If you’re looking at starting your own herd, the best thing you can do is to read, visit other farms and ask questions—a lot of questions.
Cody McBride has answered a lot of those questions. He works at ATB Financial helping beef producers and their herds with sound business advice.
His first piece of advice? Don’t rush. Agriculture does not reward cutting corners. It’s a lifelong venture and patience is key to successfully growing any type of herd.
"Be conservative and employ cautious growth,” McBride says. “You take enough risks raising the animals and getting them to market, so you don’t need to add financial risk to the mix. Slow and steady wins the race in this industry."
Expect gradual growth
You need to be prepared for the time, cost and financial planning that goes into starting a herd. Remember—the cost of the animal isn’t just the purchase price. It also includes the cost of upkeep and the cost of your time.
In the beginning, the total cost of each animal will be higher when you start your herd because you’ll also need to purchase land and equipment (shelters, fencing, food bunkers) for your operation. Over time, as you acquire capital and build equity, the cost per animal will go down, which is how you’ll start to make money!
The biggest mistake you can make when growing your herd is buying more animals than you can support. It can take several years to build up the proper foundation of land, equipment and animals to sustain your operation. Think about your long-term growth five, 10 or even 15 years down the road, and about how the sale of your first few animals can help fund that growth.
Look to your agriculture community for support
So how can you get through the early difficult years? Off-farm income can be very useful, but your biggest source of support might be your community. If your family owns a farm, relying on their infrastructure is a less risky, less expensive way to get started. But don’t worry if your family doesn’t own a farm—farmers are a generous lot. All you need to do is ask!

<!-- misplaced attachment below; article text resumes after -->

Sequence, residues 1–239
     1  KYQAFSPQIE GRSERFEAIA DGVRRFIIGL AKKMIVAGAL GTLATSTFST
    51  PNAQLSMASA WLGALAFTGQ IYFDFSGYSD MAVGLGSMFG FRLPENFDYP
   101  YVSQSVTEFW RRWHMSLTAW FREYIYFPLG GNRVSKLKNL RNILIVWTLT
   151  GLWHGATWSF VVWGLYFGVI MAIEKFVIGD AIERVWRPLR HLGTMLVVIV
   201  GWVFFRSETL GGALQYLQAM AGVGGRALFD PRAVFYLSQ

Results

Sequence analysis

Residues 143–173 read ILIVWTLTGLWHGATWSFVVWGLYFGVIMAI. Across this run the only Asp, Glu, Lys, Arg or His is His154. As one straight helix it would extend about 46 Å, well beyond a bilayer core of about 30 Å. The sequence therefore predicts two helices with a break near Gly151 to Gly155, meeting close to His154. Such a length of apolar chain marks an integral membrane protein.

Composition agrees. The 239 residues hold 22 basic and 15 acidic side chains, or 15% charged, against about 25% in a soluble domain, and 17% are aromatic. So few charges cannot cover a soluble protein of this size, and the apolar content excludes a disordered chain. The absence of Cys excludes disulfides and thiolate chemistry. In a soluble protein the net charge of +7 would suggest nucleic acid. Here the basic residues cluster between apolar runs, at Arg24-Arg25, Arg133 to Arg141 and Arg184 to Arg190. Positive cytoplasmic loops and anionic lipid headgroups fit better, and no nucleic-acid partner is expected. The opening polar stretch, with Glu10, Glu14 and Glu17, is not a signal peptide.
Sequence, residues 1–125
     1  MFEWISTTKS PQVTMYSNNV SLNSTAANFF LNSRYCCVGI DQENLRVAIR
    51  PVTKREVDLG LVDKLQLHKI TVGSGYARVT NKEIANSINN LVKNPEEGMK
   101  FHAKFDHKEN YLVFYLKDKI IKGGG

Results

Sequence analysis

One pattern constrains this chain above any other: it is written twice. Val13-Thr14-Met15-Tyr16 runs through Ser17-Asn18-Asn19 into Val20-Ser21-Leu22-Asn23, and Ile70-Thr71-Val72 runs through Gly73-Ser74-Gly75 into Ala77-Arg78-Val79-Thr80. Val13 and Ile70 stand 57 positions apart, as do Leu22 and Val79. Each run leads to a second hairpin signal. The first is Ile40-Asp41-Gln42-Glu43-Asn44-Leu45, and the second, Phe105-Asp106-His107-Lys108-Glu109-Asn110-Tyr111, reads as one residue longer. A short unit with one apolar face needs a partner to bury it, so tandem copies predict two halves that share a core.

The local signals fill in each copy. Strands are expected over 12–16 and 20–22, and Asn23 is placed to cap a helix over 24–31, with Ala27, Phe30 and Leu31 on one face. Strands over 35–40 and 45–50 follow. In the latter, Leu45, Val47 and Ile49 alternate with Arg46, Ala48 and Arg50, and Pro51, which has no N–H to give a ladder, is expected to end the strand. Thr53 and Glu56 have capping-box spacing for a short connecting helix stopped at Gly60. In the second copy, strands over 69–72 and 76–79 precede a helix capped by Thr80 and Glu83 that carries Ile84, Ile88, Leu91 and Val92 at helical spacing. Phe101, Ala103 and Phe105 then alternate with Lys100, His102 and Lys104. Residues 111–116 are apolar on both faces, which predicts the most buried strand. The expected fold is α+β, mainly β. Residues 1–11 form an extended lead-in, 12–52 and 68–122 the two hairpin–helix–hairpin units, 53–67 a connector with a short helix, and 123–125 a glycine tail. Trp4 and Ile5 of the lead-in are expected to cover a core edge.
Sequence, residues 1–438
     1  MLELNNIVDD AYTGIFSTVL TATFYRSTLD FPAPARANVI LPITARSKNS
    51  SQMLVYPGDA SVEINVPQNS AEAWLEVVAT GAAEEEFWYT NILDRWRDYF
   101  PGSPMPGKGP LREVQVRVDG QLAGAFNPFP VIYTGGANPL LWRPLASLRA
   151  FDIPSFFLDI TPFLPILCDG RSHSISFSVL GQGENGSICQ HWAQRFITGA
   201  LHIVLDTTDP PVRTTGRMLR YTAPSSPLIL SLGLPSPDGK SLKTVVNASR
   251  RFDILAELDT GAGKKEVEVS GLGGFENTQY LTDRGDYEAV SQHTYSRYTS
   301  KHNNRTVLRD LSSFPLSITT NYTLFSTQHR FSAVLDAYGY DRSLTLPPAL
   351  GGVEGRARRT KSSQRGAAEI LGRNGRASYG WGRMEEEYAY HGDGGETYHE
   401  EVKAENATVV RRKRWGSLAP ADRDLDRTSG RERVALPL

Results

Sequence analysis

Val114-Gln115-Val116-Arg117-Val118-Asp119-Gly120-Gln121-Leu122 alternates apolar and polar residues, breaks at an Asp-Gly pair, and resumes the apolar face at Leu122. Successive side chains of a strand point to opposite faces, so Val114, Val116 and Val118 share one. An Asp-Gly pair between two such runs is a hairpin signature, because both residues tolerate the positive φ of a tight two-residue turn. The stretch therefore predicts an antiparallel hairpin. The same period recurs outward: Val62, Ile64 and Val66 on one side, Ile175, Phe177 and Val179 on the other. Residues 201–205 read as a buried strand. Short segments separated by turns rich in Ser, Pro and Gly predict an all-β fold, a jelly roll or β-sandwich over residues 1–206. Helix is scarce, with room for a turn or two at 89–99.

McBride advises speaking with as many experienced people as you can before taking the plunge and starting your own herd. Most of the time, good advice is free—and it can also be priceless.
Here are seven connections you should look to for advice, expertise and learning when it comes to starting your own herd:
- Family—If you come from a farm family, they can give you assistance by providing advice, gifting you your first animal, or even letting you keep your animals on the family farm.
- Neighbours and fellow ranchers—Ranchers have many years of experience and are usually very happy to provide advice and insights to the next generation.
- Veterinarians—Your veterinarian can give you medical and health-related advice about your animals, including how to spot illnesses.
- Feed salesperson—The person you buy your feed from usually knows a lot about animal nutrition. Ask them questions about rations and nutritional needs to better feed your animals
- Feedlot owners—Feedlot owners can give insights into what they look for in an animal prior to purchase. This could help you raise more valuable animals.
- Financial advisor—This person gives you valuable advice on financial decisions as well as cash flow forecasting and management.
- 4-H Club—Participating in 4-H with a project will give young ranchers the foundational knowledge they need for success.
Alberta farming is hard work
One young herd owner and 4-H member who understands the time commitment of raising animals is 15-year-old Sophia Hoogland of Bentley, Alberta. With a methodical approach, Hoogland has worked very hard to bond with her 57 animals, and make wise decisions as far as marketing, record management and the overall health of her animals.
When Sophia began raising her sheep as her 4-H project, she spent lots of time with the animals to build trust with them.
"Within the first two weeks of getting them, we were out there about every half an hour to two hours, just working with our lamb halter, sitting there and watching them eat so that they warm up to us."
Now, after five years, Hoogland is already a veteran and has detailed records of her sheep. She knows the value of being organized and prepared. Raising sheep, just like any other type of animal, takes attention to detail, hard work and physical effort.
It’s all worth it
While starting your herd is hard work, it is also very rewarding. Just ask Hoogland’s mom, Sherry-Ann. She has seen tremendous growth not only in her daughter, but in all her children through 4-H and caring for animals.
“They have great work ethic,“ she says. “They know where their food comes from and they know the work that goes into it so they don’t waste it.”
This is a high-stakes decision. But it’s not one you have to make alone.